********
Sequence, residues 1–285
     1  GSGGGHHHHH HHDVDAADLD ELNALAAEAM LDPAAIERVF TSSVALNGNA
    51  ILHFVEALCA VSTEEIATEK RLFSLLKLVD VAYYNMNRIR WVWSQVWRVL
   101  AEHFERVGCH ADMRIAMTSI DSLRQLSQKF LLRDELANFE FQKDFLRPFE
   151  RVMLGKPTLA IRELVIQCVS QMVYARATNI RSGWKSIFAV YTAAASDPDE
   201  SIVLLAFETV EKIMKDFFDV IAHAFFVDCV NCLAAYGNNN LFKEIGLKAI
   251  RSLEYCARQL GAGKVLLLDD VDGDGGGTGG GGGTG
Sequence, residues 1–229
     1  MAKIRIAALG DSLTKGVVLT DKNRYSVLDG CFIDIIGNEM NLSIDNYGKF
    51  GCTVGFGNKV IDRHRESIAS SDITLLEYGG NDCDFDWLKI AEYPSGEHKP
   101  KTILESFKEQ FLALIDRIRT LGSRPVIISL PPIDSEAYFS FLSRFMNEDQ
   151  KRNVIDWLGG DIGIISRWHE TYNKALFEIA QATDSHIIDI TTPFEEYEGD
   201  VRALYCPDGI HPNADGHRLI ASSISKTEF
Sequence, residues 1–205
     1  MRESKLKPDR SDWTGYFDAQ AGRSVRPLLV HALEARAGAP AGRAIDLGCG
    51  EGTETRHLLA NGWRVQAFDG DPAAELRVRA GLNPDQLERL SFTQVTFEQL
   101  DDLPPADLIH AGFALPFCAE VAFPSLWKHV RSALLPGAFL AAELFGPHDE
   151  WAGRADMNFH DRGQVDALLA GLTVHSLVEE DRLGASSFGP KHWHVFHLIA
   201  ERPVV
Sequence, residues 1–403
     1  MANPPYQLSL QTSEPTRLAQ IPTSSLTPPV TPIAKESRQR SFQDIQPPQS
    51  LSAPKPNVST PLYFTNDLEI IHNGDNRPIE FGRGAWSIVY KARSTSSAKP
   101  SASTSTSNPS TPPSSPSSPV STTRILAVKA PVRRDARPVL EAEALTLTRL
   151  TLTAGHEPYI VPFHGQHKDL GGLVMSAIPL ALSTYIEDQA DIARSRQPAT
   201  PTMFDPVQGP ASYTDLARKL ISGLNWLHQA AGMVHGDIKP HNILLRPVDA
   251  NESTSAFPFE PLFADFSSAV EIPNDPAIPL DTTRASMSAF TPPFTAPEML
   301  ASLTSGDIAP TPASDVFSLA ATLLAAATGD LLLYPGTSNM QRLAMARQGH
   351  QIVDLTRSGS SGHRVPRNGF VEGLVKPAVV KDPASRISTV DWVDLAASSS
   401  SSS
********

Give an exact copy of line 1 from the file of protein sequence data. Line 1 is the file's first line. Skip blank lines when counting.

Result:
Sequence, residues 1–285